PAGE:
Teacher alleged to have shouted and pulled at autistic pupil accused of professional misconduct

Fitness-to-teach inquiry hears school principal failed to inform pupil’s parents of allegations

A teacher is facing allegations of professional misconduct after he “reefed” ear defenders from the head of a nine-year-old autistic pupil and shouted at him as the boy attempted to complete a jigsaw, a fitness-to-teach inquiry has heard.

The teacher is also said to have shouted at the pupil a few weeks later and aggressively pulled him up from the floor when the boy was upset.

In addition, the school’s principal is alleged to have failed to inform the pupil’s parents of both allegations when they were made by a special needs assistant (SNA) who says she witnessed them, the inquiry heard.

Both the teacher and the principal, who are at the centre of the fitness-to-teach inquiry, have rejected the allegations.


The inquiry directed that the names of the teaching staff, the pupil, parents and the school remain anonymous.

The pupil, who has very limited verbal ability and is acutely sensitive to noise, was in an autism class of six pupils with one teacher and two special needs assistants (SNAs) at a large mainstream primary school.

The allegations relate to February 5th, 2019, on which date one of the SNAs said she witnessed the teacher in class assisting the pupil in completing a jigsaw which he was tired of, resulting in “meltdowns” when he saw it.

She said the pupil became frustrated and broke up the jigsaw, prompting the teacher to remove the boy’s ear defenders without warning, before shouting: “Hurry up... do your work, or you won’t get your lunch.”

The SNA said the boy became upset, put his fingers in his ears and stomped his feet on the ground.

“The pupil was clearly very distressed and crying,” the SNA said. “I was in shock.”

When the boy completed the jigsaw, she said the teacher commented: “At least now we know that if we take your ear defenders off, you’ll do your work.”

The SNA expressed her concerns to the school’s vice principal, who advised that she should put her allegations in writing.

Following the second alleged incident, on February 26th, 2019 – when the teacher is claimed to have “aggressively” pulled the student’s arm – the SNA left work on stress-related sick leave for a number of weeks. She resigned in July 2020, citing a lack of support from senior management.

“There was a horrible atmosphere... it was quite toxic. I used to sit in the car crying before going into work,” she said.

Eoghan O’Sullivan BL, counsel for the director of the Teaching Council, said the allegations of the teacher’s conduct, if proven, were “very serious indeed” and amounted to “disgraceful or dishonourable” conduct.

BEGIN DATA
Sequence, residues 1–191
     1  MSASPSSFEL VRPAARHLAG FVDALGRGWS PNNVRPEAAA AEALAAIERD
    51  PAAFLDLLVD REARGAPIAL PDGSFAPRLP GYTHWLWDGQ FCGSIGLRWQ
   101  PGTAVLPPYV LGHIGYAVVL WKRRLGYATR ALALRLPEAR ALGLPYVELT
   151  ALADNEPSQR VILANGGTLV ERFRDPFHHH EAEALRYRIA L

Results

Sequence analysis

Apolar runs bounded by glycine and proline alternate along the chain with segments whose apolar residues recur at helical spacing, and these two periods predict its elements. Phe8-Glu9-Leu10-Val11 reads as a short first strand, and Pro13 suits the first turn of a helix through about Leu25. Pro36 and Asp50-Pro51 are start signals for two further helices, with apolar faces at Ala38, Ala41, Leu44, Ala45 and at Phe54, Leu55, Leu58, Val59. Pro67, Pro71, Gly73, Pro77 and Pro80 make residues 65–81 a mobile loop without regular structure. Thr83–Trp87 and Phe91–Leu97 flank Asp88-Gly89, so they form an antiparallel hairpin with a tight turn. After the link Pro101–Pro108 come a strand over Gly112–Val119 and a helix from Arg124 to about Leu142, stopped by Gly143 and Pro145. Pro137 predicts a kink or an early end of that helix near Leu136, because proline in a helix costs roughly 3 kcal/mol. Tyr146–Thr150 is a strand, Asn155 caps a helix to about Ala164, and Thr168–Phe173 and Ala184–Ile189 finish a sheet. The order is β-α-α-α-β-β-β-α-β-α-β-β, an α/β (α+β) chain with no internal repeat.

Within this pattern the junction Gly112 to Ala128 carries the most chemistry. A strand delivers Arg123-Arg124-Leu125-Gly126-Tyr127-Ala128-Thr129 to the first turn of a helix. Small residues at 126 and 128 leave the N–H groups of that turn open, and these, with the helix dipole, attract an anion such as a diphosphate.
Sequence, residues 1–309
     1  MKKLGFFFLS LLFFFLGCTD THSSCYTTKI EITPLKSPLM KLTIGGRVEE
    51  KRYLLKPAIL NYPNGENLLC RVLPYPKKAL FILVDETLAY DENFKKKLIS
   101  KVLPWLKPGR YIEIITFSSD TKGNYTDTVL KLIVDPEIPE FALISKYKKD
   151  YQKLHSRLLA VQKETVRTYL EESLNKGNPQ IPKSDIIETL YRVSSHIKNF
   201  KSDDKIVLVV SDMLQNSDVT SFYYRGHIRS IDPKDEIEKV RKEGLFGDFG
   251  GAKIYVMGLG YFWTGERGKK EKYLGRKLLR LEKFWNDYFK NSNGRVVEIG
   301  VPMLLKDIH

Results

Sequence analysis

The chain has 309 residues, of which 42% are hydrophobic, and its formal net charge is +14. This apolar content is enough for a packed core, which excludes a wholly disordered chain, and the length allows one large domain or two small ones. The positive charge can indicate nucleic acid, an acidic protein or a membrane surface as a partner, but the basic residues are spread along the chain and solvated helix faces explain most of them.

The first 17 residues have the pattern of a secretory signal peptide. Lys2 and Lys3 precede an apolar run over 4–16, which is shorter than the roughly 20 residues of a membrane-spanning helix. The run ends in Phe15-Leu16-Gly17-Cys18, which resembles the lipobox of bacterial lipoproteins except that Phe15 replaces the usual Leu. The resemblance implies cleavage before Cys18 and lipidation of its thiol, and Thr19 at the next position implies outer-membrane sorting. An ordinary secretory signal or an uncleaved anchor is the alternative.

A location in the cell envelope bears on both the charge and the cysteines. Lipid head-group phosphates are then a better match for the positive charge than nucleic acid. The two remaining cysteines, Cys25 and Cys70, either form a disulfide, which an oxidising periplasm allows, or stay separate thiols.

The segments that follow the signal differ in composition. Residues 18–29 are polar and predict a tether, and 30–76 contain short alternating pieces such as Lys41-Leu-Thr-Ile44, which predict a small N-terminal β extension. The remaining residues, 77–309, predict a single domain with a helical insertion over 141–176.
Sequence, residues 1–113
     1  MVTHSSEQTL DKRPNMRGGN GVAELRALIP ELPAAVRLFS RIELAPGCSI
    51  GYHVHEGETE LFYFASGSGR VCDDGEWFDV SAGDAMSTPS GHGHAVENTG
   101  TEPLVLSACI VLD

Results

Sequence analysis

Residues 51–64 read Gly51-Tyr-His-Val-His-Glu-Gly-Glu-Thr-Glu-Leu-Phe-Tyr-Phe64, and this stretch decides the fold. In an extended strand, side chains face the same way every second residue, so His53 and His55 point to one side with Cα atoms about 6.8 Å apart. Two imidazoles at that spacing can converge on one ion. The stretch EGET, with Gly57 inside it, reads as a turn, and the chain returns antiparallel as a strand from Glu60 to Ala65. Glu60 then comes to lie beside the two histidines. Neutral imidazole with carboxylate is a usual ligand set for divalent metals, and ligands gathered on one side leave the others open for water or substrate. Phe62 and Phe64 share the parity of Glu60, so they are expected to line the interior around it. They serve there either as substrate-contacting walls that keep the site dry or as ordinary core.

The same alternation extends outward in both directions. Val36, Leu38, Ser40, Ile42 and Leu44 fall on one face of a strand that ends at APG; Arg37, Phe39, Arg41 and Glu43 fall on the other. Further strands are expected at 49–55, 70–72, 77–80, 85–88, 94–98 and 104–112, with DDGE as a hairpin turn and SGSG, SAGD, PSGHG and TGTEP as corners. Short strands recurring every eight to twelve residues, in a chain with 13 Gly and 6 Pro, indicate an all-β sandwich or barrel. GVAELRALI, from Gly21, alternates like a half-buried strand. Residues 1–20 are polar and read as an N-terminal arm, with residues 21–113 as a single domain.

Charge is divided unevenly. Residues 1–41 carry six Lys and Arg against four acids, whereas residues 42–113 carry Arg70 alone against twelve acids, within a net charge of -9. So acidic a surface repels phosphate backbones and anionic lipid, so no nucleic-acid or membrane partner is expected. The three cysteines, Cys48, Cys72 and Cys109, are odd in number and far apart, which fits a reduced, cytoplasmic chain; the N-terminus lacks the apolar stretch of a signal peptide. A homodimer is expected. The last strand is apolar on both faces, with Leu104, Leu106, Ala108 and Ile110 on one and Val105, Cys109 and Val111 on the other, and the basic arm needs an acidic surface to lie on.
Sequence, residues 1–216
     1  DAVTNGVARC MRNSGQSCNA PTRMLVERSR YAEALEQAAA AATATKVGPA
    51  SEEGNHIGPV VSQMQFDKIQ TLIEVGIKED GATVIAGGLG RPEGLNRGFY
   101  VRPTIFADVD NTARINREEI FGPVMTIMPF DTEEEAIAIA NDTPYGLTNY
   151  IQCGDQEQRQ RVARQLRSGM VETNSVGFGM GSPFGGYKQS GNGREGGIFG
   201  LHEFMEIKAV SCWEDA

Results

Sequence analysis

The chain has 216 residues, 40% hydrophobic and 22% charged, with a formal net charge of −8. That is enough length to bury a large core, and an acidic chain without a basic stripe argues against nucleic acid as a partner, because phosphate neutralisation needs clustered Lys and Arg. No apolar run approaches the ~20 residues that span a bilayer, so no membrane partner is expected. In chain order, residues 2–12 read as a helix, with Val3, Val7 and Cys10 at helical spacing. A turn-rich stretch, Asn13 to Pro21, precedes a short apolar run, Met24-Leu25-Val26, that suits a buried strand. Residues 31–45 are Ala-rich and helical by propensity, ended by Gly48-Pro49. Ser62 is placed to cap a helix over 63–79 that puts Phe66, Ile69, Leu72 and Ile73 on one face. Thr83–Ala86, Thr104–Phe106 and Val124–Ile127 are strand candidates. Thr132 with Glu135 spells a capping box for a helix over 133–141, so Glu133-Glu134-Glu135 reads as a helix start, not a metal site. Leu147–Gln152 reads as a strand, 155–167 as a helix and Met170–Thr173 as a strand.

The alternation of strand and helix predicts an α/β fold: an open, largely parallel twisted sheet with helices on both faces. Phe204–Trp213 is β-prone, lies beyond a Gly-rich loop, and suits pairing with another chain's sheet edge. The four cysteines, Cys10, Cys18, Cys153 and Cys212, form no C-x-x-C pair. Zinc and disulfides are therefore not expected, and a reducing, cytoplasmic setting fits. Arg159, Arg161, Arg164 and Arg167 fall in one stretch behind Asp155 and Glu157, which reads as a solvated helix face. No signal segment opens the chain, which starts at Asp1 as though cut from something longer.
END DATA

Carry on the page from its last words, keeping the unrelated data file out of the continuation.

He said the principal’s response of not informing the boys’ parents about the alleged incidents and failing to interview the SNA as part of a disciplinary procedure following her complaint, if proven, amounted to poor professional behaviour and misconduct.

Mr O’Sullivan said the principal’s explanation – that he did not initially inform the boy’s parents due to his understanding that the process had to remain confidential – was “incorrect” and “absurd” in the eyes of some.

Helen Callinan, counsel for the teacher and principal, said they “categorically refuted” the allegations.

Many of the SNA’s assertions lacked credibility, she said, and were not endorsed by any other school staff.

Ms Callinan said the school’s vice principal had regular contact with the SNA about the allegations and that the SNA had later meetings with the school principal, despite her claims of feeling unsupported.

The inquiry heard that the principal would give evidence to say that he acted in a “wholly professional, fair and appropriate manner” and followed school policies for dealing with the issues at all times.

Ms Callinan said there was a close relationship between the SNA and the pupil’s family, with whom she served as a support worker, and that she had stayed in the family home, went on holidays with them and attended events organised by the pupil’s mother.

She also said that, contrary to not being asked to take part in the disciplinary investigation, the SNA was absent from school on the day the interview was due to take place.

Ms Callinan added that, as part of a “wide-ranging investigation”, teachers and SNAs in adjoining classrooms said they had never heard shouting and noted that the teacher kept the doors open to the classroom at all times.

“So, you are the only person who complained that the teacher raised his voice at all,” she said.

The SNA responded that she was the only other staff member in the classroom when each alleged incident occurred, and insisted they did happen.

“I have nothing to gain from making this up,” she said. “It’s bizarre that we’re at this point.”

Carl O'Brien

Carl O'Brien

Carl O'Brien is Education Editor of The Irish Times. He was previously chief reporter and social affairs correspondent